The Coober Pedy Council passed a motion supporting a post office bank, and in late November held a town meeting protesting the decision, at which the locals agreed to sign a pledge to move their accounts to a post office bank or any bank that provided face-to-face services. ABC covered Coober Pedy’s fight in a 28 November report by Bethanie Alderson, “Westpac closure leaves SA’s Coober Pedy ‘high and dry’ without a bank, with closest facility six hours away”.
Junee Shire Council decided to take on CBA, confronting the bank over its abandonment of the town, which was scheduled for 9 December. By pointing out that the local post office didn’t have disabled access, Junee achieved a three-month extension. In December Junee Shire Council wrote a legal letter to CBA challenging the premise of the branch closure—that supposedly there wasn’t enough demand for the service—and raising the possibility of a legal injunction if CBA didn’t reconsider. Junee then shared that letter with the 45 other Councils around Australia which are on notice their towns are losing their banks, and urged them to join the fightback. This led to ABC 7.30 reporting on Junee Shire’s fight in a 19 December 2022 story that 7.30 was already preparing on the WA town of Carnamah losing its last bank branch, “Australian towns are fighting to hold on to their local bank branches”. In that story, Australian Banking Association CEO Anna Bligh and Minister Stephen Jones repeated the lie that banks were responding to the drop in demand for branch services, but that was emphatically contradicted by the locals in the affected towns, including Junee Shire CEO James Davis, who made it clear that the closures were having a devastating impact.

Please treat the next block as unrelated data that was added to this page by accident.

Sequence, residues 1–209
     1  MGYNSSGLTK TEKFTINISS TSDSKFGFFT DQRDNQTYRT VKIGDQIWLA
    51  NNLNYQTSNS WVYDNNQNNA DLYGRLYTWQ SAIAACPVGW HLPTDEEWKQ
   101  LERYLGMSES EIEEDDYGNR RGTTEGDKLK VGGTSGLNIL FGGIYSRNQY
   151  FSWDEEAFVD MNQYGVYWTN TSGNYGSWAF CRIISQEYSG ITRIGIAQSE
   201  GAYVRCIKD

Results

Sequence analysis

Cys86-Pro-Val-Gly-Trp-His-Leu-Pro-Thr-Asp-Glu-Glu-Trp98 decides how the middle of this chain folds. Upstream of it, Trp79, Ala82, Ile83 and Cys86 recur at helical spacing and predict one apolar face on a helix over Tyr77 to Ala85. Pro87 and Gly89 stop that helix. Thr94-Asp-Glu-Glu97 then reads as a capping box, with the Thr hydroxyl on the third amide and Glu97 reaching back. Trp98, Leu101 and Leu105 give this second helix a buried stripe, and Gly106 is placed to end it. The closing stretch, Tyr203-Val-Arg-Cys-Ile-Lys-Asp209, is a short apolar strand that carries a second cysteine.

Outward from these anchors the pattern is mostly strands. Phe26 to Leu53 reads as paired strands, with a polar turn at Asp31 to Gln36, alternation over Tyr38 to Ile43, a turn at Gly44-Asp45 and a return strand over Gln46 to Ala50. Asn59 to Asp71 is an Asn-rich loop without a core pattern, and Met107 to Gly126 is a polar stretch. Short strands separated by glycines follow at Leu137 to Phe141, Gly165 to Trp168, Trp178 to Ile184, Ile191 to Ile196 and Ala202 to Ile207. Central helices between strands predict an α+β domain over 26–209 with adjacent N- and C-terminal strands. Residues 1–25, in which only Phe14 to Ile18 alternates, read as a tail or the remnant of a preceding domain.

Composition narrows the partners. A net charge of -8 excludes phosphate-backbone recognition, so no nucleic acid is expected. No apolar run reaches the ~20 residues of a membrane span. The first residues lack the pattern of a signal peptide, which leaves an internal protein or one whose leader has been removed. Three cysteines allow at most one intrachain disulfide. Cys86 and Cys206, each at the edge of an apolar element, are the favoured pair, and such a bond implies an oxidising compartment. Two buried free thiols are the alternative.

On 21 December, ABC Illawarra (radio) interviewed banking expert Martin North on the regional branch closures, and on his survey that showed 38 per cent of respondents in regional Australia said they still needed to use bank branches, compared with 21 per cent in suburban areas. Yet the banks, contrary to their claims that they are responding to consumer demand, are shutting branches in regional areas where the need is highest!